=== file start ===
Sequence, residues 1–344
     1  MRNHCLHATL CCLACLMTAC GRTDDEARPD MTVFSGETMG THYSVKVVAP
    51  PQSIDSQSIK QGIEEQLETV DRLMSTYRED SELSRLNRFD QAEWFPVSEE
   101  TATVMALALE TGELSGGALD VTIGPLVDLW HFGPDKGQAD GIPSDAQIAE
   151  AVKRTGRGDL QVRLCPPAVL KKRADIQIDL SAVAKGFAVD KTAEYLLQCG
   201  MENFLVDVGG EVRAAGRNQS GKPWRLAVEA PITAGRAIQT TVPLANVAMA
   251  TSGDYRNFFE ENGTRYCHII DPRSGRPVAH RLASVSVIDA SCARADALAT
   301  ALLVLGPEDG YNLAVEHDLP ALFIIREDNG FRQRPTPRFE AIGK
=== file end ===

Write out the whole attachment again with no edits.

Sequence, residues 1–344
     1  MRNHCLHATL CCLACLMTAC GRTDDEARPD MTVFSGETMG THYSVKVVAP
    51  PQSIDSQSIK QGIEEQLETV DRLMSTYRED SELSRLNRFD QAEWFPVSEE
   101  TATVMALALE TGELSGGALD VTIGPLVDLW HFGPDKGQAD GIPSDAQIAE
   151  AVKRTGRGDL QVRLCPPAVL KKRADIQIDL SAVAKGFAVD KTAEYLLQCG
   201  MENFLVDVGG EVRAAGRNQS GKPWRLAVEA PITAGRAIQT TVPLANVAMA
   251  TSGDYRNFFE ENGTRYCHII DPRSGRPVAH RLASVSVIDA SCARADALAT
   301  ALLVLGPEDG YNLAVEHDLP ALFIIREDNG FRQRPTPRFE AIGK